Also this week, Prime Minister Benjamin Netanyahu finally got around to appointing for himself a new military secretary. Col. (soon-to-be Brig. Gen.) Avi Blot, commander of the Commando Brigade, won the job. This winter he will replace the current secretary, Brig. Gen. Eliezer Toledano, who will be belatedly released to the job that is already waiting for him — commander of the Gaza Division. With a little help from the boss, it won’t happen after a war in Gaza. Blot, like Toledano, is a talented and intelligent officer from the paratroops. As usual, the media made a big fuss over the fact that both of them, like the other candidate whom Netanyahu didn’t really want for the job, Brig. Gen. Ofer Winter, are religiously observant. One can only wish for Blot to go in peace and return in peace, no simple thing considering where he is being sent.
The IDF maps depicting the battles on the Syrian side of the border in the Golan Heights are divided into three colors: A large and expanding red section represents the areas under the Assad regime’s control. Green represents the shrinking areas held by the rebels, near the border. And in the south, next to the border triangle, there is a black section where the fighters from the local Islamic State group are entrenched. It’s interesting to note the direction of the arrows indicating the movement of the advancing Assad forces. Four small divisions of the Syrian Army, including Shi’ite fighters and Iranian advisors, are attacking from two directions only: north and south. The army is not attacking from east to west because it doesn’t want the fire to “spill” onto the Israeli side of the border and give the IDF a reason to respond.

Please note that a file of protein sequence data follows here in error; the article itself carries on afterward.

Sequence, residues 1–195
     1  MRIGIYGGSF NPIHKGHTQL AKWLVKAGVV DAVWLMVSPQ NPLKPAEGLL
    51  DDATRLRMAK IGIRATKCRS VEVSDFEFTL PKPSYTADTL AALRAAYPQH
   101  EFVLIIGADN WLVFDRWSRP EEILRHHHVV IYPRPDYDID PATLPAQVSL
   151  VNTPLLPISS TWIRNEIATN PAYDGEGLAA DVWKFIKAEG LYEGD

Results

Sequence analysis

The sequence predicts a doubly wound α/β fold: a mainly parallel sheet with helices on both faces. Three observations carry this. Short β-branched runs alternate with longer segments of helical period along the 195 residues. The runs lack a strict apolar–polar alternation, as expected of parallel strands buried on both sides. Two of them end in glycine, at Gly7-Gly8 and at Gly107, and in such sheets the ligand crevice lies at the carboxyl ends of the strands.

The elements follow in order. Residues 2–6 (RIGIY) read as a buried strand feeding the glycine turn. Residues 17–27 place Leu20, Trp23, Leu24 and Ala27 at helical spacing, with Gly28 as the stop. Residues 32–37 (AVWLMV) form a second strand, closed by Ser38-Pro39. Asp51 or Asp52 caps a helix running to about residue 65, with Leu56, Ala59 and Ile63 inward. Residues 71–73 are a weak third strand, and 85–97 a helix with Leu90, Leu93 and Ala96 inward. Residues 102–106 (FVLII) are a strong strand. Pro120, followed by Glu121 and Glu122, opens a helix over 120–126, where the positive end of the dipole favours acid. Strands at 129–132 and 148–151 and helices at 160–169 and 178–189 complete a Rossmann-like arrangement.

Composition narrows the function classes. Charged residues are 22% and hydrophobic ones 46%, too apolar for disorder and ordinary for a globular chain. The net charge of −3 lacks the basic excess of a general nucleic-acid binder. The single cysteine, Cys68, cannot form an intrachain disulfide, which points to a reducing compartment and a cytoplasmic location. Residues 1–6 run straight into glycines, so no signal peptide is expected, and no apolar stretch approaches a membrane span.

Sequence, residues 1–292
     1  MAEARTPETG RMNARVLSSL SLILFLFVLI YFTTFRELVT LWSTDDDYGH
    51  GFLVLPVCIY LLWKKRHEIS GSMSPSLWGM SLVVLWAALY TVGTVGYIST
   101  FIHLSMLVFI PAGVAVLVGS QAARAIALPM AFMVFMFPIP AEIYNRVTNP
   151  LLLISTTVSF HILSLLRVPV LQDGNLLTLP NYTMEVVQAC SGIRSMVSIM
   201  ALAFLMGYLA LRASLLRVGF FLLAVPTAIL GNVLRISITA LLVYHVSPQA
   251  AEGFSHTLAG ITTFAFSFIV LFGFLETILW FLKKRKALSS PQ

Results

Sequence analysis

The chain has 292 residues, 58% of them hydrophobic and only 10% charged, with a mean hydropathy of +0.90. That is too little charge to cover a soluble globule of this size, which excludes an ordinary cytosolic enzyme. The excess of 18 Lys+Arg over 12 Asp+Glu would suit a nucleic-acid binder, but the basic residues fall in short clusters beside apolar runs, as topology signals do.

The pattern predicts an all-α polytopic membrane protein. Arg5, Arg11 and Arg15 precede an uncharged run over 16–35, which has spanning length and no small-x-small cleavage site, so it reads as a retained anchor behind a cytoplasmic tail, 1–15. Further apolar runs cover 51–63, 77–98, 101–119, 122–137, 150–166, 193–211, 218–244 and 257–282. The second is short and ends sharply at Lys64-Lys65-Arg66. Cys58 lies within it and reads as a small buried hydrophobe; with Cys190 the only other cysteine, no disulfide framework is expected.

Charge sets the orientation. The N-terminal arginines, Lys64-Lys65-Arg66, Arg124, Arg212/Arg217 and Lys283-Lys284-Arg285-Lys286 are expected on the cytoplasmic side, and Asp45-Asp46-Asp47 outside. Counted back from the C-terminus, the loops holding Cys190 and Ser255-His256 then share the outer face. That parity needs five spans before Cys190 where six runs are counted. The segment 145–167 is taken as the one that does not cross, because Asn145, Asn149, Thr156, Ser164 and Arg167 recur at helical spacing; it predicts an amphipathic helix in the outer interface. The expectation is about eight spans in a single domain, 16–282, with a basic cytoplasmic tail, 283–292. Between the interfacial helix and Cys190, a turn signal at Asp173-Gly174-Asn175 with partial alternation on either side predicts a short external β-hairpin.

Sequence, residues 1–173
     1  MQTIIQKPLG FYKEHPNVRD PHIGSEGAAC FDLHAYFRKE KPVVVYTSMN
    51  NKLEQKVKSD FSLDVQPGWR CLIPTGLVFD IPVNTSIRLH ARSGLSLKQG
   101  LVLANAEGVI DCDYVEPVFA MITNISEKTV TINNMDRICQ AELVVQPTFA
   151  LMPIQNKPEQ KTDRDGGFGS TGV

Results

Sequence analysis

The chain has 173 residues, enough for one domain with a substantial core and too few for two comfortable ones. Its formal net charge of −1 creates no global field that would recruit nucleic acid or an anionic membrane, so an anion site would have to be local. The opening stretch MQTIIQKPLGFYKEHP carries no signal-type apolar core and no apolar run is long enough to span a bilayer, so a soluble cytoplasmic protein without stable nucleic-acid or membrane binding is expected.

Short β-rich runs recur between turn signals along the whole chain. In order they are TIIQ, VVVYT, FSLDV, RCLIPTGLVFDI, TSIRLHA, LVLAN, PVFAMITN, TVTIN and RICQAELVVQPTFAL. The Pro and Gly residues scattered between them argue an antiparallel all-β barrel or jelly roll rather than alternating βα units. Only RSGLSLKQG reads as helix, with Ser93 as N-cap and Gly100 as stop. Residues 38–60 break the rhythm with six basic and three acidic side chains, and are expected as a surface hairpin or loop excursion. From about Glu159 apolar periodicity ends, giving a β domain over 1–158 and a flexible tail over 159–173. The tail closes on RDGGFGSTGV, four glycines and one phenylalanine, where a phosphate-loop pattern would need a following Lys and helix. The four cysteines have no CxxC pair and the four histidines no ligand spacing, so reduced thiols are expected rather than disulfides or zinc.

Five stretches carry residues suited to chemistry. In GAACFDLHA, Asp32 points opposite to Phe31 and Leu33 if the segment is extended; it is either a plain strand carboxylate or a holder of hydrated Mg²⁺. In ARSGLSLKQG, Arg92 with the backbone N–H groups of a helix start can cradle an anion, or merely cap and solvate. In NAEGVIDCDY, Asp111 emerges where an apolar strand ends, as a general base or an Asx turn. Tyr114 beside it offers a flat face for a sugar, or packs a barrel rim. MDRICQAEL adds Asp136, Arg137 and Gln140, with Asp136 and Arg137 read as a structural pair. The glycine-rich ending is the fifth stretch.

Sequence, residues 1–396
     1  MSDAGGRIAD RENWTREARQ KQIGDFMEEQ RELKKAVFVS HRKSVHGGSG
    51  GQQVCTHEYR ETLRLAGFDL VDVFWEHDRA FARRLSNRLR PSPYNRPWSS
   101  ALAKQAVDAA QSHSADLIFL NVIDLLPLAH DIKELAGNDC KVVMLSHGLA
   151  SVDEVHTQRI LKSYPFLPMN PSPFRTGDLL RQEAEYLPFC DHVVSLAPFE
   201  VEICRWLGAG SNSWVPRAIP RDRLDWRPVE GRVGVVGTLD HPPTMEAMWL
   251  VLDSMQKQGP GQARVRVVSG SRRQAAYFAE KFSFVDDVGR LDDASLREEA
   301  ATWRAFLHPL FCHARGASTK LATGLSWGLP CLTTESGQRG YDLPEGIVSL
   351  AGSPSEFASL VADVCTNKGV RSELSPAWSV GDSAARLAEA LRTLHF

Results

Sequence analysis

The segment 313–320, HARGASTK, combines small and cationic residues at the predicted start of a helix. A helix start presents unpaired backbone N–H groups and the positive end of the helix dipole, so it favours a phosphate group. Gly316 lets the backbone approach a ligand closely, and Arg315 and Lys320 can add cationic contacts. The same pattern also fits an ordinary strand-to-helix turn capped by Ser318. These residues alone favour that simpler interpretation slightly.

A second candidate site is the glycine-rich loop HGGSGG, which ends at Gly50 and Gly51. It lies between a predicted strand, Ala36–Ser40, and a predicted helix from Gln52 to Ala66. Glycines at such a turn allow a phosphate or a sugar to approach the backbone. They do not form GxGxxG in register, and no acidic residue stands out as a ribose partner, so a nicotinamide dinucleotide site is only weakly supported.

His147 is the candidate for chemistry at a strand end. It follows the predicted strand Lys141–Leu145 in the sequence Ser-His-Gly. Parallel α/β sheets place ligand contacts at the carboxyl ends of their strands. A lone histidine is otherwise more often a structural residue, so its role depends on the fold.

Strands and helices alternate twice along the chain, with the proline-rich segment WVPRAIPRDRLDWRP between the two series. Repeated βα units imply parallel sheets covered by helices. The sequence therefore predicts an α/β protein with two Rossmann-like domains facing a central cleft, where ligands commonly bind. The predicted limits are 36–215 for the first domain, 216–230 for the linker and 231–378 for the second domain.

This offensive is being led by a Russian general who has already been awarded a medal for his actions in combat in Syria. The Russian strategy is familiar: Surround the rebels in the villages, wear them down and then either sign a conciliation agreement or continue grinding them down until they surrender. The Russian air force is careful not to get into an entanglement with the Israeli planes. The IDF is updated by the Russians about the “polygons,” the areas in which airstrikes take place. Some of the civilians fleeing the areas of the battles are migrating westward toward the Israeli border. By midweek there were already close to 20,000 people staying in tent camps by the border.
Israel sees the Assad regime’s return to the Golan Heights as inevitable. For now it is focusing on its security interests, chiefly a renewed Syrian acceptance of the 1974 Separation of Forces agreement that prohibits the army from entering the buffer zone and restricts the number its forces in the limitation areas near the border. The bigger challenge is yet to come — how to ensure that Russia keeps its commitment to keep the Shi’ite militias and Iranian Revolutionary Guards away from the border. Toward the end of this year, this will become the main question. And while the prime minister is projecting optimism, military personnel are increasingly skeptical. Meanwhile, the Arab press reported this week on another Israeli airstrike against an Iranian military compound near the city of Aleppo in northern Syria. The battle continues.